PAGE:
Advanced Characterization of Martensite - 3D & High Resolution: Session 4
Program Organizers: David Rowenhorst, U.S. Naval Research Laboratory; Michael Mills, The Ohio State University

Thursday 8:00 AM
July 13, 2017
Room: Gold Coast
Location: Hyatt Regency Chicago

Session Chair: Ashley Bucsek, Colorado School of Mines

8:00 AM  Cancelled
Advanced Multi-probe Experimental Approaches to Study Complex Lath Martensite in Low-carbon Steels: Lutz Morsdorf1; Jiali Zhang2; Baptiste Gault1; Dirk Ponge1; Cem Tasan2; Dierk Raabe1; 1Max-Planck-Institut fuer Eisenforschung GmbH; 2Massachusetts Institute of Technology
     Martensitic transformations in low-carbon steels induce highly complex microstructures. While the crystallographic hierarchy ranging from prior austenite grains, via packets, blocks, sub-blocks down to laths is well established, another hierarchy arises from the stepwise transformation sequence. For example, early transformed martensite, i.e. just below martensite start, is rather coarse in 3D, most autotempered after quenching and least dislocated. In other words, as-quenched lath martensitic microstructures are highly heterogeneous in terms of lath size variations, defect densities, autotempering states and corresponding local mechanics. Thus, it becomes challenging to comparatively study nano-scale phenomena such as plasticity mechanisms and low-temperature tempering reactions. To improve, we elaborate on practical in-situ and quasi-in-situ experimental methodologies that allow tracking the microstructural evolution at one specific position during, e.g. deformation and heat treatments. Especially high resolution probes, such as electron channeling contrast imaging, transmission electron microscopy, atom probe tomography and nanoindentation benefit from these approaches.

8:20 AM  
Localized Strain Fields in Metastable Austenitic Steels: Anja Weidner1; Robert Lehnert1; Horst Biermann1; 1TU Bergakademie Freiberg
     Since several years, modern CrMnNi steels are in the focus of interest due to their outstanding mechanical properties known as transformation or twinning induced plasticity. However, alongside with the kinetics of the ongoing deformation mechanisms the knowledge of contributions of indivudal microstructural components (martensite, twins) to the global strain behaviour is necessary for deeper understanding of the strain hardening behaviour. The aim of the present paper is the determination of the magnitude of shear strain of indivudal microstructural components based on in situ tests in the scanning electron microscope in combination with digital image correlation and electron backscattered diffraction measurements. The investigations revealed different strain values for individual martensitic grains depending on their crystallographic orientation. The influence of elevated temperature on the appaerence of local strain fields is demonstrated. Martensite variant selection during tensile and compressive half cycle during cyclic loading was observed in correlation with different local strain fields.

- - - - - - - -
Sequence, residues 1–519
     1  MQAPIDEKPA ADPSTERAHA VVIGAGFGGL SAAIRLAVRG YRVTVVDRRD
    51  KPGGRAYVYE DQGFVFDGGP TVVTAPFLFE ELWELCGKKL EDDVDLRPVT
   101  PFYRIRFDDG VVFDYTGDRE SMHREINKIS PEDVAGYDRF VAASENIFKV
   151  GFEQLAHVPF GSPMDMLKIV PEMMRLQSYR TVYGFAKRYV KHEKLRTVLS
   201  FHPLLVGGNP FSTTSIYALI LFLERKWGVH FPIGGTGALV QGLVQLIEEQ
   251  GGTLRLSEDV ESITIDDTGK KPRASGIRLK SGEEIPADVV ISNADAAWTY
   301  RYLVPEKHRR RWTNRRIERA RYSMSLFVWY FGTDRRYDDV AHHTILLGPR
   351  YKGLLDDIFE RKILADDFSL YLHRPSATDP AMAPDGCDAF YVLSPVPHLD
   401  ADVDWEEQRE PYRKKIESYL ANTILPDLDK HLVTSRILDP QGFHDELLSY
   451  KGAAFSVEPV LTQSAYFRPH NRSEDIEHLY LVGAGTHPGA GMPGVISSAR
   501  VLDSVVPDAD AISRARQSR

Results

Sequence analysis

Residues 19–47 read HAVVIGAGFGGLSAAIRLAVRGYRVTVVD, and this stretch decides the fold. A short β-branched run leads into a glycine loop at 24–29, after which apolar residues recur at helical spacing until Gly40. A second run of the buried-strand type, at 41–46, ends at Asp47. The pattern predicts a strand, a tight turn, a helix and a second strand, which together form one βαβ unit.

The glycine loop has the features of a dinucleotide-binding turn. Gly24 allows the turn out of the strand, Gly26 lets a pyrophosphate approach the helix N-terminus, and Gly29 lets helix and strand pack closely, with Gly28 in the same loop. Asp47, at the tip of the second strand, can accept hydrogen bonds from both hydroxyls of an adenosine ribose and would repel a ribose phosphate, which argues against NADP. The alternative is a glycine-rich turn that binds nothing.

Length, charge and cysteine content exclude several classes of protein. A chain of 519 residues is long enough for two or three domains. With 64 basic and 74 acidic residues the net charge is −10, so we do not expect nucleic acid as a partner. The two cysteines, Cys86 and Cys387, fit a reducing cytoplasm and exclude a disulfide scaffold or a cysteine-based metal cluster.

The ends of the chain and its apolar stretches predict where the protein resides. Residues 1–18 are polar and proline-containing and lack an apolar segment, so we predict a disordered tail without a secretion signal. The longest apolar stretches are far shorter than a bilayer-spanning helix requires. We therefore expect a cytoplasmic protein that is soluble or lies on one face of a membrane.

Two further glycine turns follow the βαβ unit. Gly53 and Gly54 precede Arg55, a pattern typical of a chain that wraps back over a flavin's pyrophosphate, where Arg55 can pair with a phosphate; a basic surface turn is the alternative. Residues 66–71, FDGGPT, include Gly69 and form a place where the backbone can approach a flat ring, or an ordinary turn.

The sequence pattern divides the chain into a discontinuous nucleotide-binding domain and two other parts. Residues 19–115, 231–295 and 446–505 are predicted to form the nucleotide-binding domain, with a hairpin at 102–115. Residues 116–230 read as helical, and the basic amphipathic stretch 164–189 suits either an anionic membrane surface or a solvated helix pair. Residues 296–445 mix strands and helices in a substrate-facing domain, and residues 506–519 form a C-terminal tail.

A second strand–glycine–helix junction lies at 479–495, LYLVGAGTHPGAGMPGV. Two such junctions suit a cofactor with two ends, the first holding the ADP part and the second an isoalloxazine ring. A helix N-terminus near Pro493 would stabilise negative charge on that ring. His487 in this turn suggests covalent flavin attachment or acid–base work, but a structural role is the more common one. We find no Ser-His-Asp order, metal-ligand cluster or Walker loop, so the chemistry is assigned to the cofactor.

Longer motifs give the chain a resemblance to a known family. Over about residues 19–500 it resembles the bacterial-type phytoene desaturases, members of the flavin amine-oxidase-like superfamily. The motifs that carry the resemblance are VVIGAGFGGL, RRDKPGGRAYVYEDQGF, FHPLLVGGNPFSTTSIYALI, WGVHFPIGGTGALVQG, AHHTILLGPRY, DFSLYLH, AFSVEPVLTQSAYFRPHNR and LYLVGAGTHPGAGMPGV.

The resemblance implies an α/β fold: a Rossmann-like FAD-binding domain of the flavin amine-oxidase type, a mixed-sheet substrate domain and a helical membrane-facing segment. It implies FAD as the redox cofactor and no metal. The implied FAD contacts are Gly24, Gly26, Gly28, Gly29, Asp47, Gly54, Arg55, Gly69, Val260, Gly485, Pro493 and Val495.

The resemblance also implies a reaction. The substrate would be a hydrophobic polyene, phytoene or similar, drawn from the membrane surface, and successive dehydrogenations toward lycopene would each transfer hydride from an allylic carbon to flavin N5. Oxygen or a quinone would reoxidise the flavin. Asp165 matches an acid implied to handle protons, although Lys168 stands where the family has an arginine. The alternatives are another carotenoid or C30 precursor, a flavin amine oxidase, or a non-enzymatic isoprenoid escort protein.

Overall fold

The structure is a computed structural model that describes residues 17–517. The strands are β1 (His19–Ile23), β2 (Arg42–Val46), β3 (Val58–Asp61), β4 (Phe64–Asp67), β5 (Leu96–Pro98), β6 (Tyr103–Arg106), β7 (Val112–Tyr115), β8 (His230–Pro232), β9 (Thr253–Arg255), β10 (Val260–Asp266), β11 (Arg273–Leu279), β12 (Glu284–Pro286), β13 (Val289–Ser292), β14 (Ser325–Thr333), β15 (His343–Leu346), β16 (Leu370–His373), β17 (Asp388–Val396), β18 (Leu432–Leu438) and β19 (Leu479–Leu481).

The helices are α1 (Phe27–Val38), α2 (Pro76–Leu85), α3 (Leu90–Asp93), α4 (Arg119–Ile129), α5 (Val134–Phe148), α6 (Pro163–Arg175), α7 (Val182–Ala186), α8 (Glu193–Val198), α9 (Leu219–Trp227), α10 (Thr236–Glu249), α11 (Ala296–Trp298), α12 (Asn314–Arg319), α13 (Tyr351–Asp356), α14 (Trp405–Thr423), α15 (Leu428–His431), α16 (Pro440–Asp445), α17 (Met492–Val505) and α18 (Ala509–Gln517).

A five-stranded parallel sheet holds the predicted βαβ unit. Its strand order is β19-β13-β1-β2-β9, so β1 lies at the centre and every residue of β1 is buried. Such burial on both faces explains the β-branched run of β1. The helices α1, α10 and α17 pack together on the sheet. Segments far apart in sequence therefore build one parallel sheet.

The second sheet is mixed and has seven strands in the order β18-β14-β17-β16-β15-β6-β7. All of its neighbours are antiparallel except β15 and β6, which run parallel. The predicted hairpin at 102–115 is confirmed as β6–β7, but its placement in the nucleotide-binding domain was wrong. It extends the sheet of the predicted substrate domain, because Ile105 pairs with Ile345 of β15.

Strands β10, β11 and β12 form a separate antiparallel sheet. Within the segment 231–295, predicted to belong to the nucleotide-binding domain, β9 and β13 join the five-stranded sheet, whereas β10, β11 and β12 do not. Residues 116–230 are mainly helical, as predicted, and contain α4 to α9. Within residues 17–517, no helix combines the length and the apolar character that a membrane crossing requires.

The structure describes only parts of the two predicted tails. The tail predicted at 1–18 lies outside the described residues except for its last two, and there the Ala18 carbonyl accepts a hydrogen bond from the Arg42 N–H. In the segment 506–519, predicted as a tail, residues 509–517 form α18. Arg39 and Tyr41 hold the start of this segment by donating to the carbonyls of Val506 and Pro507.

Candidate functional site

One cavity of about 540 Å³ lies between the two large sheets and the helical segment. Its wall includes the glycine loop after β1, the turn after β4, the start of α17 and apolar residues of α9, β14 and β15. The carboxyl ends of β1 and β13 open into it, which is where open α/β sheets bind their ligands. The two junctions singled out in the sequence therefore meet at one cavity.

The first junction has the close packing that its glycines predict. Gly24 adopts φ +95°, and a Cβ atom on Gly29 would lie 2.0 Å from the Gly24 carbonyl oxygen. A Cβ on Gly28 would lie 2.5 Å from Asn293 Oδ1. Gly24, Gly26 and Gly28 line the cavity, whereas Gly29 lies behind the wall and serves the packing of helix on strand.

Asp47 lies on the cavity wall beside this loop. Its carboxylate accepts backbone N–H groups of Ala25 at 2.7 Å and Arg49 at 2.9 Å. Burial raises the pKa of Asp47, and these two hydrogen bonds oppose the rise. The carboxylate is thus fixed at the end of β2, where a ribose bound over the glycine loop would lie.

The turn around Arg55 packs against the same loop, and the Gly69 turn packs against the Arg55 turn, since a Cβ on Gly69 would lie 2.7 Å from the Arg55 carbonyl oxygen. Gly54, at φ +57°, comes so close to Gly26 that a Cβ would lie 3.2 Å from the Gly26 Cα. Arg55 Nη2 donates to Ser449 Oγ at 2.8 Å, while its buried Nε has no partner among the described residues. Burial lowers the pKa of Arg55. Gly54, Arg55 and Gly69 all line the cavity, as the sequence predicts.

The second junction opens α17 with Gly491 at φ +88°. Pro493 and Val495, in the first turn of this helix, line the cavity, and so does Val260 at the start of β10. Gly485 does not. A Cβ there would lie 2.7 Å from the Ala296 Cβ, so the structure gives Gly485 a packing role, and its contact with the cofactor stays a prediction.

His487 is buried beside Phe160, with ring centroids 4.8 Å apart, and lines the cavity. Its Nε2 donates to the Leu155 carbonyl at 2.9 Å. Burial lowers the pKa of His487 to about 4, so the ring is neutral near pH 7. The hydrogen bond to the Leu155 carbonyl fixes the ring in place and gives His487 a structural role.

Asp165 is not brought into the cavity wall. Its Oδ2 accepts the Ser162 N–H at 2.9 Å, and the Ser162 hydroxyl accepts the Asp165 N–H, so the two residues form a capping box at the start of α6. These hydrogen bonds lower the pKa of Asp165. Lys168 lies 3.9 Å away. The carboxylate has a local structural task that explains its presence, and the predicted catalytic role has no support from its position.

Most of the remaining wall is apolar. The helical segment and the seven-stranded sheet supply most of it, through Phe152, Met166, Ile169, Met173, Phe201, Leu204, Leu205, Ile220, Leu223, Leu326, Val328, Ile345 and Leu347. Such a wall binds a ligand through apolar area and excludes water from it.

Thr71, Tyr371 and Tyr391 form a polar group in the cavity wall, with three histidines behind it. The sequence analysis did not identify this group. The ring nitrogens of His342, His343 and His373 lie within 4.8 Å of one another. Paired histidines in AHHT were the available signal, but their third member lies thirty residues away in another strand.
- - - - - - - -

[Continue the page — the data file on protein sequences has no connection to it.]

8:40 AM  
High Resolution EBSD to Detect Retained Austenite in HSLA Steels: David Rowenhorst1; 1U.S. Naval Research Laboratory
    Naval hull steels have a unique set of requirements, specifically good weldability, low ductile-to-brittle transition temperature and a high strength. Martensitic High-Strength-Low-Alloy (HSLA) steels achieve many of these goals, but have demonstrated lower than desired ballistic performance. However, new alloy heat treatment development has shown that by preserving a small amount of austenite within an HSLA steel, the ballistic performance can be significantly improved, while not compromising the other mechanical properties. In this presentation, we will show how advanced EBSD characterization was able to detect the small islands (<50nm) of austenite dispersed throughout the martensite matrix. Only by using EBSD pattern processing ex-situ to the data collection, were we able to make an accurate measurements of the volume fraction and spatial distribution of the retained austenite within the structure.